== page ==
After hundreds of millions of Indians cast ballots across megacities, mountains and islands, Prime Minister Narendra Modi won the biggest re-election India has witnessed in decades.

Mr. Modi, 68, has dominated India since he won a first term in 2014. Many Indians praise his efforts to stamp out corruption and bring development to poor regions, but his commitment to empowering the nation’s Hindu majority has raised fears in its Muslim minority. Mob lynchings have increased, and right-wing Hindus have felt emboldened to push an extreme agenda.

Mr. Modi’s Bharatiya Janata Party and its allies won close to 350 seats in the 545-seat lower house of Parliament, according to nearly complete results. He is the first prime minister in nearly 50 years to win majorities in the Parliament in back-to-back elections, and now commands a sweeping mandate to govern a nation of 1.3 billion people.

To his supporters, Mr. Modi is entering the pantheon of India’s most legendary leaders, such as Jawaharlal Nehru, the country’s first prime minister, and Indira Gandhi, Mr. Nehru’s daughter and India’s iron lady of the 1960s, ’70s and early ’80s. India has no term limits, and people are already talking of a third Modi term.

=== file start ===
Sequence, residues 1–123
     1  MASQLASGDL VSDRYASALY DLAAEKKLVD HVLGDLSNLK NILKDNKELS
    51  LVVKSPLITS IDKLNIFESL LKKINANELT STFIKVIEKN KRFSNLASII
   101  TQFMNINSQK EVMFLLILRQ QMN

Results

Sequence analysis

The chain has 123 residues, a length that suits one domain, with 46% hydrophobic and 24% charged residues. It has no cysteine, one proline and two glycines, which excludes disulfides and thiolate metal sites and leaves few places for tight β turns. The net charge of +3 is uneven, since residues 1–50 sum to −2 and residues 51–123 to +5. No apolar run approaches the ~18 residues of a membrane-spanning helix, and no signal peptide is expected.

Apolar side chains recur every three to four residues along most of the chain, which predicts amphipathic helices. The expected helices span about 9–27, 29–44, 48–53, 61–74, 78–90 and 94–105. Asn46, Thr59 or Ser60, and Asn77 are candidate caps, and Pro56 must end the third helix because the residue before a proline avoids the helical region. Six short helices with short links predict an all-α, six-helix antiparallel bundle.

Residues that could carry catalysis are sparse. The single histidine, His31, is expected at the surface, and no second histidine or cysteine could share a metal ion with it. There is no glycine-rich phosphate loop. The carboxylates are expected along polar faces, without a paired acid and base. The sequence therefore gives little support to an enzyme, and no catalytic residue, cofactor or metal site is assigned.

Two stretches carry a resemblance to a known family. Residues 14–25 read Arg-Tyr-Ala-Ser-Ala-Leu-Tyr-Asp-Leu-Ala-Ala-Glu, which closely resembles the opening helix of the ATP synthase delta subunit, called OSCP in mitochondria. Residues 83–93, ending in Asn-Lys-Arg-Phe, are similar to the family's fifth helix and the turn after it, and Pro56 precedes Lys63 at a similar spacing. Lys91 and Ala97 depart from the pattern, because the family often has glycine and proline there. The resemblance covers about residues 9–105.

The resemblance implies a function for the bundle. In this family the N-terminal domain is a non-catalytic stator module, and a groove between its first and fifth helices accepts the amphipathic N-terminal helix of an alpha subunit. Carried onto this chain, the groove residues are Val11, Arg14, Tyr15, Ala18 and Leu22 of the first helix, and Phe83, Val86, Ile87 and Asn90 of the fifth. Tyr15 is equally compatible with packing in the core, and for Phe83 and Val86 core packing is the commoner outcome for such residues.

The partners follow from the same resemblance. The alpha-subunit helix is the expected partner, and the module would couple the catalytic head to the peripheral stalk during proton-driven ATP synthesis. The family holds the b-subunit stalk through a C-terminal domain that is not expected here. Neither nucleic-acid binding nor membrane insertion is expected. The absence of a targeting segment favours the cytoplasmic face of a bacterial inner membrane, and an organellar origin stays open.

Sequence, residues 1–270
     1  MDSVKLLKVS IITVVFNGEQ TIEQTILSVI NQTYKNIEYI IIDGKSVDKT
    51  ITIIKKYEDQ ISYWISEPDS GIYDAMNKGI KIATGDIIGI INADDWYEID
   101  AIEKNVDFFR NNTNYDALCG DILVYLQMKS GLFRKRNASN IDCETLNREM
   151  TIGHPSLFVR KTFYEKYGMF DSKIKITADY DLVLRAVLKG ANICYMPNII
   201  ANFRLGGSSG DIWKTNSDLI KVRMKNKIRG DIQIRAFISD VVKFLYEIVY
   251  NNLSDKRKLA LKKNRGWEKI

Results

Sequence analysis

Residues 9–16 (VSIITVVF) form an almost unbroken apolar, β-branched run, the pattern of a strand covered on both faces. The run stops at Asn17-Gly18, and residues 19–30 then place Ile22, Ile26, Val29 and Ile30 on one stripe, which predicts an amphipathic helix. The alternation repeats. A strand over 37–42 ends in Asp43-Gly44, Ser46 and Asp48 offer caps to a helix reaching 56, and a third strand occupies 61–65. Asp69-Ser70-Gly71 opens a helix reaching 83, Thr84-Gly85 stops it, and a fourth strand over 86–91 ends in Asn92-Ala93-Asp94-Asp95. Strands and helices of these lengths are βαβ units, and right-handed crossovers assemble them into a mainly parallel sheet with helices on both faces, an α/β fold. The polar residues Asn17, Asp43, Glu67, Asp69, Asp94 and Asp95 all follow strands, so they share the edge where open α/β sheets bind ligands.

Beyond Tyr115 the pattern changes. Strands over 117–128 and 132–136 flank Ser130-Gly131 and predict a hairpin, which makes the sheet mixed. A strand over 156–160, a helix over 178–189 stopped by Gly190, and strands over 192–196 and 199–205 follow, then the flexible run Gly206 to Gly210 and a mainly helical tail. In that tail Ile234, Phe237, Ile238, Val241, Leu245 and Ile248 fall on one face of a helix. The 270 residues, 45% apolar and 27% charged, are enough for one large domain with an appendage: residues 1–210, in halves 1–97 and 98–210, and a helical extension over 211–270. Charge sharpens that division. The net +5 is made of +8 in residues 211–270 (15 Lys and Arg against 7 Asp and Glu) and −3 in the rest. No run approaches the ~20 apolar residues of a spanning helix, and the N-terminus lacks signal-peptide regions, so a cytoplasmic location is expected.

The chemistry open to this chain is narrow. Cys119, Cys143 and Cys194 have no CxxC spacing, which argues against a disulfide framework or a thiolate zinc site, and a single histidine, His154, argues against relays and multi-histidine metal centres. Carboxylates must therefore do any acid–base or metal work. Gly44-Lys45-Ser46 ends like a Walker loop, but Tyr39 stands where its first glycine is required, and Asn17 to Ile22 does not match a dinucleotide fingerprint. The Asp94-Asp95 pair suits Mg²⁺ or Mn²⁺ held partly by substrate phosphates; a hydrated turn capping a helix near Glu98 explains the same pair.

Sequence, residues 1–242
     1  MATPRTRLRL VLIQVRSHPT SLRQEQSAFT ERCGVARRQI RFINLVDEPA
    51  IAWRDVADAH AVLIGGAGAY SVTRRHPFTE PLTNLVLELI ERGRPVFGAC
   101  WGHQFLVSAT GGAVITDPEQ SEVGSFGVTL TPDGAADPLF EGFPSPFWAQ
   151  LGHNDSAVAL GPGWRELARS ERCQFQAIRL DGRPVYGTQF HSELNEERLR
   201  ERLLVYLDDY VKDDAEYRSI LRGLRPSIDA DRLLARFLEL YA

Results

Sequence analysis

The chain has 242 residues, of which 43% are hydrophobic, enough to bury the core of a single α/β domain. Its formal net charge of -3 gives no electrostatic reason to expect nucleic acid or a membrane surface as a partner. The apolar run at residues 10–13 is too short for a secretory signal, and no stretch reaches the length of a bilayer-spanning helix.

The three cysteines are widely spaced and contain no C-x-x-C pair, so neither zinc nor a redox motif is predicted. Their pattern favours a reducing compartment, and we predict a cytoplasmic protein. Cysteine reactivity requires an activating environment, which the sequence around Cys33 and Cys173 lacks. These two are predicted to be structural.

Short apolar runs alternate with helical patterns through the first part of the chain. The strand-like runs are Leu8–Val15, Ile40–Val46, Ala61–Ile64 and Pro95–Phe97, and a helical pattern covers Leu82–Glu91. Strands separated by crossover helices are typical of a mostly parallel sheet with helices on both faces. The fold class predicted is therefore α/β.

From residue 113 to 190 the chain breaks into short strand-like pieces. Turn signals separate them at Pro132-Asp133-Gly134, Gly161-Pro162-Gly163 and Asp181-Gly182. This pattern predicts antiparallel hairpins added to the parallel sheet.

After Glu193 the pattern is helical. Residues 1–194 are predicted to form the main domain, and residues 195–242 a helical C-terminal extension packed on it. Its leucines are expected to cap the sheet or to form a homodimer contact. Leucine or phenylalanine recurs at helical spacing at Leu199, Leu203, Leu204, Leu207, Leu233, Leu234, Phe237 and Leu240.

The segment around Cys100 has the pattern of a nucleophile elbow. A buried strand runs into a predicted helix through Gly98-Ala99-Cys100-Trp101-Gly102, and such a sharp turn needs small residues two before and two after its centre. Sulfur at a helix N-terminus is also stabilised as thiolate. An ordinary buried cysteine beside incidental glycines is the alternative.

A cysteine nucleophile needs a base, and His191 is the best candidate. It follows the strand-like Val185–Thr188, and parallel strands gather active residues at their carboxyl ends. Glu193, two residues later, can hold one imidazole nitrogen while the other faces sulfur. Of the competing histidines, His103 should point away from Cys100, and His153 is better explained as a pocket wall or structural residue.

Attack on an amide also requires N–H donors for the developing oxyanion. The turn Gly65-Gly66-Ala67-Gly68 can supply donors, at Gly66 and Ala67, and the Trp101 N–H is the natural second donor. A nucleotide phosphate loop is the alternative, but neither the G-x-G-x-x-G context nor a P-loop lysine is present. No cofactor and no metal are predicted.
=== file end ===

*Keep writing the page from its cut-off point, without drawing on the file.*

Many voters were drawn to Mr. Modi’s intense speaking style, his reputation for getting things done and his carefully crafted image of being a tough defender of India. He called himself the chowkidar — the watchman — and he has pushed a more forceful foreign policy than India has pursued in years, including standing up to China, nearly going to war with Pakistan and drawing closer to the United States.

There was no election in the world as big as this one. About 600 million people voted, with more than 8,000 candidates contesting seats in the Parliament.

The elections were mostly peaceful, though there were a few sporadic clashes between supporters of rival parties. At least one person was killed.

The turnout was a record high, at 67.1 percent.

And despite strong passions, gargantuan numbers and high stakes, the elections have nearly concluded with no major allegations of fraud or rigging. Most of the voting was done on electronic voting machines that seemed to work just fine, according to observers and election officials.